Litigation of Possession of Real Property & Unlawful Detainer In California

The Plaintiff (the bank in an unlawful detainer) must prove three issues, defendant is still in possession, defendant was properly served with three day notice to quit and plaintiff has a duly perfected security interest.

You can request a temporary restraining order or preliminary injunction either before the sale takes place or within the unlawful detainer; must be able to show a likelihood of success on the merits, exigent circumstances, and irreparable harm.

A temporary restraining order is a temporary stop to the sell of the house and a preliminary injunction is a permanent restraint from selling the house the entire duration of the litigation After the unlawful detainer complaint is filed then it must be personally served. Upon personal service or an order to post and mail the defendant (homeowner) defendant has 5 days to respond to the complaint. Unknown occupants who want to make a claim for possession my file and serve a prejudgment claim of possession within 10 days of service of the complaint.

If service of the complaint is not proper then the defendant’s may file a motion to quash. A motion to consolidate in a title action can also be filed to bring the title action and unlawful together putting a stop on the eviction (unlawful detainer). A bond may be required for such and/or a temporary restraining order or preliminary injunction.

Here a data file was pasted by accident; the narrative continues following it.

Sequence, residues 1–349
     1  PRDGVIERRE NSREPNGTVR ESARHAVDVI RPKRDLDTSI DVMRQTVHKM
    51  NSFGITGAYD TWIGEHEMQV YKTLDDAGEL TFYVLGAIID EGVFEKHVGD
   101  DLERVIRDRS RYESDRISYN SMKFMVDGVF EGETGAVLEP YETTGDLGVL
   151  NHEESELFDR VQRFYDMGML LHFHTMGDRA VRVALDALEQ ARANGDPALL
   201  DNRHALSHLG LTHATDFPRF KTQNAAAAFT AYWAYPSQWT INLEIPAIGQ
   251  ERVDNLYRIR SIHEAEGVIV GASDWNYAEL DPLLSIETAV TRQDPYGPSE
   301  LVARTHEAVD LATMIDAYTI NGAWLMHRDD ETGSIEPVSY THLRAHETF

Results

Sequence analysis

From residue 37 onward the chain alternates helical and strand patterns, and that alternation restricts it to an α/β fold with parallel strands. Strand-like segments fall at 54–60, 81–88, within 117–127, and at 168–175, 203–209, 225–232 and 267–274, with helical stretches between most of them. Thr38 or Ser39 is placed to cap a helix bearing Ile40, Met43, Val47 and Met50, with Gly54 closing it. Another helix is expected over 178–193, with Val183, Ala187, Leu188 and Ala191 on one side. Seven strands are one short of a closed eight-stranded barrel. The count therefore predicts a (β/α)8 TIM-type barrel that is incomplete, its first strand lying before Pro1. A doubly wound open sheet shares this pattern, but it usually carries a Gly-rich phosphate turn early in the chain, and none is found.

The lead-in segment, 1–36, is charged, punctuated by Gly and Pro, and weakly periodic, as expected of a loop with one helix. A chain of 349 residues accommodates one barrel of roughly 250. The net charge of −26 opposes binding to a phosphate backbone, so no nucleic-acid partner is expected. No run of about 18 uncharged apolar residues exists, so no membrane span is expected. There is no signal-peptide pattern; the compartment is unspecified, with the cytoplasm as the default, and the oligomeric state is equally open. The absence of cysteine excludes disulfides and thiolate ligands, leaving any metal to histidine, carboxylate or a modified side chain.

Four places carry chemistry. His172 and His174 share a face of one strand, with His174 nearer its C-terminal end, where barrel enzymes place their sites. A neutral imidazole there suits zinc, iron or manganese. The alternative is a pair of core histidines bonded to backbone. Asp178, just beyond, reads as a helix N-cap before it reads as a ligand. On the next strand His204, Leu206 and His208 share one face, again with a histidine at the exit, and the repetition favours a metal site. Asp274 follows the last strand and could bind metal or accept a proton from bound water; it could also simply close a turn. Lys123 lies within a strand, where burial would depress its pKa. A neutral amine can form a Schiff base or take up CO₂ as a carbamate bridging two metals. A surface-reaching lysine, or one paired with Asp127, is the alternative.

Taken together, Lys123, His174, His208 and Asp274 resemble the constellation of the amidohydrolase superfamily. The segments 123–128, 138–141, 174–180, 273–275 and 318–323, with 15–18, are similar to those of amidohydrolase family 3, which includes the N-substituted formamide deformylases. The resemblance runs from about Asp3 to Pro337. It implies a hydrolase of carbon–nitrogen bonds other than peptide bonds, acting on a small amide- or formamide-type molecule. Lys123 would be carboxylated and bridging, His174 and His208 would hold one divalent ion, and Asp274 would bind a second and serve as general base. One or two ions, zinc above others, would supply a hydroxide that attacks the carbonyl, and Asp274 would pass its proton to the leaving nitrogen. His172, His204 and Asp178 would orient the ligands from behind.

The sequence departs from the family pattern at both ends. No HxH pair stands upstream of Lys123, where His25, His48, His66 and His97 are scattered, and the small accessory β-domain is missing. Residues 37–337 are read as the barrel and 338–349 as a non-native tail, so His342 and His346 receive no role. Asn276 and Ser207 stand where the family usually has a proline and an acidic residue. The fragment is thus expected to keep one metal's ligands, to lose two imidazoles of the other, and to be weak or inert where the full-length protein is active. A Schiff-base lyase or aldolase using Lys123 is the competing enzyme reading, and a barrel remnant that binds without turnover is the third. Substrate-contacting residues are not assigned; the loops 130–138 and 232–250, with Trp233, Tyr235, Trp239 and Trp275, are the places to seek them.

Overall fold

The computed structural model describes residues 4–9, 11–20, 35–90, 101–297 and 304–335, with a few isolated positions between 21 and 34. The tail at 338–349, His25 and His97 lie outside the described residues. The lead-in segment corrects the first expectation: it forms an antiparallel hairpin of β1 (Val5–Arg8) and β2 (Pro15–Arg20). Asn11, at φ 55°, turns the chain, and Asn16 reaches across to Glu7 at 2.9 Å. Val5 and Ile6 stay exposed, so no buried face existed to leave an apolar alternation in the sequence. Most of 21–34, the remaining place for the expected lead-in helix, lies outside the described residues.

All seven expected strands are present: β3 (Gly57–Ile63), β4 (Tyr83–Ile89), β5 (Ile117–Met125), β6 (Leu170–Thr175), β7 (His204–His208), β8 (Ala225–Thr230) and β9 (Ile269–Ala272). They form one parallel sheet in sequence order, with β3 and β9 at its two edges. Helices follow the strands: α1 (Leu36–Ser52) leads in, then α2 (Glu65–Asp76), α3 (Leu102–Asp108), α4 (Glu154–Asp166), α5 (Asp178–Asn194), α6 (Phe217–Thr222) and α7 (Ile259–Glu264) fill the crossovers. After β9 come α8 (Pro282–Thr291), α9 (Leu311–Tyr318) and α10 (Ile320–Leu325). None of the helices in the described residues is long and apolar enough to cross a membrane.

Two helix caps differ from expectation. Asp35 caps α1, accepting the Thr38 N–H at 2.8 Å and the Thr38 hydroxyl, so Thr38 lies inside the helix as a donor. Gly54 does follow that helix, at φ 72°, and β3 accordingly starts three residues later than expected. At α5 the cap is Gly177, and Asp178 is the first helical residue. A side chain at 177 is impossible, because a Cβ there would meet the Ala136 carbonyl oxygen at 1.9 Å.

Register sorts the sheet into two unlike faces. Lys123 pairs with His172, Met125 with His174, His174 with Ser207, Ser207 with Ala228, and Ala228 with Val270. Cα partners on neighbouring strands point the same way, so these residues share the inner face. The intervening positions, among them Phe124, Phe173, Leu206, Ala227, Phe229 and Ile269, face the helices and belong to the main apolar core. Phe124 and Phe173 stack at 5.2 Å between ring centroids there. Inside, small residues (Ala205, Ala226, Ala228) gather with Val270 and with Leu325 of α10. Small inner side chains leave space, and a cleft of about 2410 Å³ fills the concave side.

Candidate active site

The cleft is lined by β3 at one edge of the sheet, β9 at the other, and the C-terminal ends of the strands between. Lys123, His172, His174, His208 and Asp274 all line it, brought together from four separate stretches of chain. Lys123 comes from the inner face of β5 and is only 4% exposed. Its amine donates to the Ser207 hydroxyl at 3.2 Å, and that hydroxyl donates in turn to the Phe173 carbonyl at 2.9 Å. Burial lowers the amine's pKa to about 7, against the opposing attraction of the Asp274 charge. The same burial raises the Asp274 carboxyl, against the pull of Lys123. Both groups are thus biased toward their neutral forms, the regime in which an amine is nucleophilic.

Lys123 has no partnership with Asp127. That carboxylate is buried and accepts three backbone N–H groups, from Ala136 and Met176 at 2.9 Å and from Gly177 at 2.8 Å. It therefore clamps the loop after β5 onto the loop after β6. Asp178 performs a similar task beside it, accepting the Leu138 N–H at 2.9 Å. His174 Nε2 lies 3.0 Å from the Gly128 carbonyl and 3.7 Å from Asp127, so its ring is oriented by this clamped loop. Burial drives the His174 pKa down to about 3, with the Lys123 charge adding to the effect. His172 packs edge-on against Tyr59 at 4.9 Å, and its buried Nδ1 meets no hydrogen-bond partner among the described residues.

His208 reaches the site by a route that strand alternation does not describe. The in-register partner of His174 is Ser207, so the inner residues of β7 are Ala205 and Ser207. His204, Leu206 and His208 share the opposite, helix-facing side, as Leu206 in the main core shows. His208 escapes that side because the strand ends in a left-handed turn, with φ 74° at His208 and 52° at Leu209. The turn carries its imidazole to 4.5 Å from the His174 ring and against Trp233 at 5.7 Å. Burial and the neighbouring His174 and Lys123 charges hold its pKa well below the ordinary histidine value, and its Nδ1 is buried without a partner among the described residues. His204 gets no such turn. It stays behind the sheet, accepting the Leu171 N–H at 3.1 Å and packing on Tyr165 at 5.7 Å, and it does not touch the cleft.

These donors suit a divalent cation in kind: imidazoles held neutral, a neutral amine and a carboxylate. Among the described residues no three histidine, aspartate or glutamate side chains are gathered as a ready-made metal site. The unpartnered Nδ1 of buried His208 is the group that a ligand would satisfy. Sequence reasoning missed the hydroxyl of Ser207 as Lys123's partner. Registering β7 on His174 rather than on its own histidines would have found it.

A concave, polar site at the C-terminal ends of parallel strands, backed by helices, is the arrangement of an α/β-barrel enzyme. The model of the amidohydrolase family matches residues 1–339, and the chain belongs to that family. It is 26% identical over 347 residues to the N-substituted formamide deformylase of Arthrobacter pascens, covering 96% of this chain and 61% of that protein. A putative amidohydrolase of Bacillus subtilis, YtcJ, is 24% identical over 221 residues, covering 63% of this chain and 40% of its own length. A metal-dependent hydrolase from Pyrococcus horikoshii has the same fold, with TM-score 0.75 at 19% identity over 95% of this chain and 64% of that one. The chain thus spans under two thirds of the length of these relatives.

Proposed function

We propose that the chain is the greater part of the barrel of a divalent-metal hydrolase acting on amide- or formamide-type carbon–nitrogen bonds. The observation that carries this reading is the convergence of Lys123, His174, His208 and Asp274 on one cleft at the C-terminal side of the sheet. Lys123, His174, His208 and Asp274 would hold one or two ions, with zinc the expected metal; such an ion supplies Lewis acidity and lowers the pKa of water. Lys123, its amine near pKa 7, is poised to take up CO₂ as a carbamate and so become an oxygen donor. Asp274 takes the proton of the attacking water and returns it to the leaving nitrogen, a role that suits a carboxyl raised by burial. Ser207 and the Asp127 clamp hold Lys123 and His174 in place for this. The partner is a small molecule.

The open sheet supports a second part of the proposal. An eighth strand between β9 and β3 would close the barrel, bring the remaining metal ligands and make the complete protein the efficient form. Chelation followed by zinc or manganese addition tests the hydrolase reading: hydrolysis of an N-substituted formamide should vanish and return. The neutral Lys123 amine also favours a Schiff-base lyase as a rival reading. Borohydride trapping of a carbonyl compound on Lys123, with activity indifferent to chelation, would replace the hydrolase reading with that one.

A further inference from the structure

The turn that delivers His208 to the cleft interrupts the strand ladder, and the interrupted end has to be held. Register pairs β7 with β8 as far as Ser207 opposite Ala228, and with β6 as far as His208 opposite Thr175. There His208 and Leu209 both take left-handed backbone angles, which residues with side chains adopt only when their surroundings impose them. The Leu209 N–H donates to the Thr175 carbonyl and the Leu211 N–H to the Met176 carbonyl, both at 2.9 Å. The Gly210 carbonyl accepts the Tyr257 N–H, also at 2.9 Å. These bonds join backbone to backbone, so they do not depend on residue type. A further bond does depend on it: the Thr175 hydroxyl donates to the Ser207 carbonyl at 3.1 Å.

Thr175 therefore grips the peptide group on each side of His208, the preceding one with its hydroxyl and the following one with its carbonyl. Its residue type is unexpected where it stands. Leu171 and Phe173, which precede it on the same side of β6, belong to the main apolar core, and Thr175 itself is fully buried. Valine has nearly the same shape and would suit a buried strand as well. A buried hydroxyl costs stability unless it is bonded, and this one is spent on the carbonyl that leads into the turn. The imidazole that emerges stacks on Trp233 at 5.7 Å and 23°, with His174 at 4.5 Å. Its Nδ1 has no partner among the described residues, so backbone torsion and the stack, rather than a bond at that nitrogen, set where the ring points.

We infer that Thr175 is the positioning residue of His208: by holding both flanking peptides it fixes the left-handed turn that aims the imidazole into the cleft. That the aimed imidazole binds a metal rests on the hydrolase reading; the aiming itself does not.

Once defendants respond to the complaint via demur then the court will likely order defendants to answer within 5 days at the demur hearing. Once an answer is filed, Plaintiff’s will file a request for trial to be set. Defendant’s may file a counter request asking for a jury trial within 5 days of the original request to set the case for trial.

At trial if a judgment is rendered for Plaintiffs then defendants will have to appeal within 30 days and can file a motion to stay the judgment pending the appeal. If that is denied then defendant’s may take a writ to the order to deny the request for a stay. The writ is granted in many occasions.

Wedgewood v. Brown-Wilson: Court reversed a trial court because Plaintiff failed to provide duly perfected title as mandated by CCP Section 1161 and a trustee’s deed upon sale is not prima facie evidence of a duly perfected title contrary to previous holdings in the appellate division. Riverside – not published so persuasive case law.